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Do only democracies have anti-immigrant movements?

This great picture on changing share of foreign-born residents in the NYT today (showing countries with largest increase):

You can see why anti-immigration sentiment is a big deal in the European countries shown and in the US. (This is a descriptive statement, I myself hate xenophobia.)

But what about the countries at the top of the graph? Let’s exclude the special and controversial case of Israel from all the following statements.

Correct me if I’m wrong, but I have not heard of prominent anti-immigration movements  in any of these countries.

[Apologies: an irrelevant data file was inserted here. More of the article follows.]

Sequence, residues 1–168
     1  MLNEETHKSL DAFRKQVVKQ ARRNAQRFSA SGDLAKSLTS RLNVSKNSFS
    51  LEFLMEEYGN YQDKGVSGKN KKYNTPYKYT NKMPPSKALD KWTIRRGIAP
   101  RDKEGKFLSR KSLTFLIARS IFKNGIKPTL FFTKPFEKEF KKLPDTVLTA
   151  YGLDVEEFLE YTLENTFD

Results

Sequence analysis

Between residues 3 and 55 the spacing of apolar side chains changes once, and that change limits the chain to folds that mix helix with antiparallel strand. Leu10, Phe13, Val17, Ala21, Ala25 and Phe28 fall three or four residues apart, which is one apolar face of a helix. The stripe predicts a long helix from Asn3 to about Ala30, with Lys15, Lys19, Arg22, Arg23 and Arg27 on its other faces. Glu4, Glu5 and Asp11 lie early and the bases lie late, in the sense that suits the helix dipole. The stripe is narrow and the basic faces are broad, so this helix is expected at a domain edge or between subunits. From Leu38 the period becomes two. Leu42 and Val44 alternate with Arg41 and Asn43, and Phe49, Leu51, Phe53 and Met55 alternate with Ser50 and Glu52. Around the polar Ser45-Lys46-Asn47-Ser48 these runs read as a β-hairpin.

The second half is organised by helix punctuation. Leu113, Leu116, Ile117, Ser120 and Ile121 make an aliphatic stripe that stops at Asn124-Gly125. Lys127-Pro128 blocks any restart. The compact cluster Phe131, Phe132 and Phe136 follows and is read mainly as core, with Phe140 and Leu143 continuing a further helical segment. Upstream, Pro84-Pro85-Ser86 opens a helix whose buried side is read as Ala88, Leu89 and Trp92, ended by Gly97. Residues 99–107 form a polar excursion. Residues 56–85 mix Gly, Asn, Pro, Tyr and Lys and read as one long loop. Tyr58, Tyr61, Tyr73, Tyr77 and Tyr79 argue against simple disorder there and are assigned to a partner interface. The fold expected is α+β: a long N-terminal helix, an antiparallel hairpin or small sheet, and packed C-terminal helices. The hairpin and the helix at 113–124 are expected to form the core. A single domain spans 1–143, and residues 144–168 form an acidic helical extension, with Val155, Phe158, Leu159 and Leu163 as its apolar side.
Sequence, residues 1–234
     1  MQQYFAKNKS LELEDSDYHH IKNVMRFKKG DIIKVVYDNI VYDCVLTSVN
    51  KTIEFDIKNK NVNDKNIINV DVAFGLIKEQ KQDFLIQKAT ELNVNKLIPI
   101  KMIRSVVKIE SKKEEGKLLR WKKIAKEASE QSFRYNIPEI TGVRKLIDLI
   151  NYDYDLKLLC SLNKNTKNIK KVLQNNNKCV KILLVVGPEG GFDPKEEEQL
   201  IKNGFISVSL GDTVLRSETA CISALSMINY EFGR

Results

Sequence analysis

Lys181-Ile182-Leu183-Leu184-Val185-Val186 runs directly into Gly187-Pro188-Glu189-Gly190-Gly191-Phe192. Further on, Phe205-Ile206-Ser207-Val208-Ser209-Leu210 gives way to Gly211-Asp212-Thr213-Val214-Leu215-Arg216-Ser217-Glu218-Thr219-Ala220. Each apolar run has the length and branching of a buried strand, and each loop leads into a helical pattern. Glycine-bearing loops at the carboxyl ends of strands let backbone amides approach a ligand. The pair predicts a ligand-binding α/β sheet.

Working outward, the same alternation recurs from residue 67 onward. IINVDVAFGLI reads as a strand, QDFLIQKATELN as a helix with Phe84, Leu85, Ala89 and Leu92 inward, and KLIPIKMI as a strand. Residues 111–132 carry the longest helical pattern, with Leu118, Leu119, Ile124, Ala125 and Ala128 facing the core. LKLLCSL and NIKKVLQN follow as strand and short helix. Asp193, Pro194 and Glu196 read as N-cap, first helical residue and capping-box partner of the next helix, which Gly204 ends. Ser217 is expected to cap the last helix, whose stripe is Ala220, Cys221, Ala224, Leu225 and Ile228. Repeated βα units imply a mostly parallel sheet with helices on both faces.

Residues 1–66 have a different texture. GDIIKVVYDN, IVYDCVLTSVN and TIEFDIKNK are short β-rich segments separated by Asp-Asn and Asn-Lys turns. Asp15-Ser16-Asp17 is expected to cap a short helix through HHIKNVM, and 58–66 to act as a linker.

Is that because these are non-democracies in which immigrants can be treated as second-class citizens with little or no rights?

Again, this is just descriptive speculation — I would certainly NOT recommend that approach to the democracies.  But it does show the complicated political economy you get when you mix xenophobia, democracy, equality before the law, and immigration.

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  1. Alvin wrote:
    Posted June 27, 2010 at 10:18 am | Permalink
  2. Adam wrote:

    Yes, Bill, they’re basically a slave class. Not really what we want.

    Posted June 27, 2010 at 10:45 am | Permalink
  3. Justin Kraus wrote: